Karina Huus och Ingalill Gimbler-Berglund återvände för några veckor till Da Nang Technical University of Medicine and Pharmacy i Vietnam för att undervisa. Det här är deras berättelse.
On Sunday, the 8th of February 2015, we arrived at the airport in Da Nang and were met by two colleagues from the University.
We started the first day with a meeting with the Department of Nursing for one last check before we started the course in Pain management. There were about 500 students who took the course. The teaching started at 7.30 and went on until 16:30 in the afternoon. We missed the absent coffee breaks. The students made however sure we got water and air conditioning.
Each day the students were given a task that they should go out of their clinical placements and solve and then report on during the next teaching session. We finished the course with a case study. The students worked in groups and presented their result to the class. All students used Powerpoint presentations when they reported and most of them did it in English. The students were examined through a written exam and we have been told that most of the students passed with high scores.
The students’ proficiency in English were on different levels. We taught with an interpreter all the time. The students were interested and just as in Sweden, it was interesting to see the difference between the groups.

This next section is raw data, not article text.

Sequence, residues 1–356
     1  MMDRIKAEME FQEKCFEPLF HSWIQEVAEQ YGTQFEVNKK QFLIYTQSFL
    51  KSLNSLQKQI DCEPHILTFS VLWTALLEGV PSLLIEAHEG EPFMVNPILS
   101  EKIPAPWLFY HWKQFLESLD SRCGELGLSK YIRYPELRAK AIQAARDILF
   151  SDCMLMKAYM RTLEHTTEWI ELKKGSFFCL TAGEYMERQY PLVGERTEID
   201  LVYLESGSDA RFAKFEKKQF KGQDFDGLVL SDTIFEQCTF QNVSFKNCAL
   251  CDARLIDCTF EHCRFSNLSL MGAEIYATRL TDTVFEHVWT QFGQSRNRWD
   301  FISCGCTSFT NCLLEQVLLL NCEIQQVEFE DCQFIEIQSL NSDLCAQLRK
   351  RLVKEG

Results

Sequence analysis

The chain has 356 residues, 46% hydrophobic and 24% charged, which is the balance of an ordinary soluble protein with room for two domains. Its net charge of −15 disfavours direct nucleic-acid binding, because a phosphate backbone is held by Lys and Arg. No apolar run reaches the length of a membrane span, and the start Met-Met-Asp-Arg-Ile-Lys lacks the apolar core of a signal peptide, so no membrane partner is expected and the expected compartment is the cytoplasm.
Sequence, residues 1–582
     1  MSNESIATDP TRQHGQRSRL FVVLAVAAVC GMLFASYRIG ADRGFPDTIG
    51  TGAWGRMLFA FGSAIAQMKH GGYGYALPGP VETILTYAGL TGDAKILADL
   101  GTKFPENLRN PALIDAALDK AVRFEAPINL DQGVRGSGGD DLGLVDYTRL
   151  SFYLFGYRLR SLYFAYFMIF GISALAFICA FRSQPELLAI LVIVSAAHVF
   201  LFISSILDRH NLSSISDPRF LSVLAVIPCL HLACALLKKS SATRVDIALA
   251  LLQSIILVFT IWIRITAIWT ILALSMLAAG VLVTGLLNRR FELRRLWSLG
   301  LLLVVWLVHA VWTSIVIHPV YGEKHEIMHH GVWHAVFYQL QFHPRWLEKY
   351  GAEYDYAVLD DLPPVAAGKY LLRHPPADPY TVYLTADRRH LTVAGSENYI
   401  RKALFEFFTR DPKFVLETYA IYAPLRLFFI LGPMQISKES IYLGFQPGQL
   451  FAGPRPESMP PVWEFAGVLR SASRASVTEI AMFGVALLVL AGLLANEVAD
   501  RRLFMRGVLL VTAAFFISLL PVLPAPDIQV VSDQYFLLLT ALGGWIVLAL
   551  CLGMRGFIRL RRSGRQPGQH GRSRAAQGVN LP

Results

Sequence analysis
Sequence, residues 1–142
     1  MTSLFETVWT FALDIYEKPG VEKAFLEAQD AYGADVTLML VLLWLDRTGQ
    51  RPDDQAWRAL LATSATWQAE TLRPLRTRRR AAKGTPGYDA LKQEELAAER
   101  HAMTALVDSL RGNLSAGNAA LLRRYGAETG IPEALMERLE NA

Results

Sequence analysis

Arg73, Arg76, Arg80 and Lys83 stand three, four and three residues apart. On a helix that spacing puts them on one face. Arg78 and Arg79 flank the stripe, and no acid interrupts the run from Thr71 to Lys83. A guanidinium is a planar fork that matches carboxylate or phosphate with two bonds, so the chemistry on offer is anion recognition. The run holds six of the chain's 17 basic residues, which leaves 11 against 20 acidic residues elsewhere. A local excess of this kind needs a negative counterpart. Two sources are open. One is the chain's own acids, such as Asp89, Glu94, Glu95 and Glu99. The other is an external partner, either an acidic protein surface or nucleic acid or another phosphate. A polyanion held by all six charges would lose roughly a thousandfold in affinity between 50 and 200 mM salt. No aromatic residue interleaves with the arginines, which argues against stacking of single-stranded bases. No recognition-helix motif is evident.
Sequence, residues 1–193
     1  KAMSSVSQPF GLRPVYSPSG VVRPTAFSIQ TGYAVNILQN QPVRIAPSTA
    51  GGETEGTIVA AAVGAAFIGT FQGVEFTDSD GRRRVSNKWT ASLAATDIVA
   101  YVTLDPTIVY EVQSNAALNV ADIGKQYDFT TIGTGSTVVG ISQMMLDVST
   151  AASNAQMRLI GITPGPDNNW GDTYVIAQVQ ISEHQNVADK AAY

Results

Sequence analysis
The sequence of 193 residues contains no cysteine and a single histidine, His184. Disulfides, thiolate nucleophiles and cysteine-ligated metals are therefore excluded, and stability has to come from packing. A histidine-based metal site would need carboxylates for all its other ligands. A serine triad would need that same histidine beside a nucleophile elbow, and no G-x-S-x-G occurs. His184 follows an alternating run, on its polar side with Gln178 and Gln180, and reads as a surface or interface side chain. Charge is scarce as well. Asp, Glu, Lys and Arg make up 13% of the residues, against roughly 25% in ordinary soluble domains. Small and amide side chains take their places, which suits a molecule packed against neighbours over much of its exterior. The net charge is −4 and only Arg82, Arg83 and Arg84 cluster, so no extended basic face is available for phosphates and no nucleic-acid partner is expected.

The teaching was very much appreciated both by the school management, the interpreters and the students. After completing the teaching it was a line-up for photography. Students honoured us with gifts and large bouquets of flowers.
On Saturday we indulged our feet with a foot massage. Our feet told us they were very happy!
We had meetings with staff at the School of Nursing on several occasions where both the student-, teacher- exchange, and our mutual research were discussed. We followed up on the jointly written article regarding nurses' knowledge about pain in children. The article was recently submitted. We also discussed new projects regarding children with disabilities and their rights in Vietnam and palliative care in adult cancer patients.
One evening we were invited to dinner by two colleagues, as usually we rode on the back of the colleagues’ motor bike. They took us to a locally renowned restaurant serving Banh xeo, a kind of deep fried rice cake stuffed with shrimp and meat, Yummy and good company.
Looking back, we had a very good and fruitful stay at Da Nang Technical University of Medicine and Pharmacy, teaching, making plans for future collaboration and meeting old friends.
Karina Huus and Ingalill Gimbler Berglund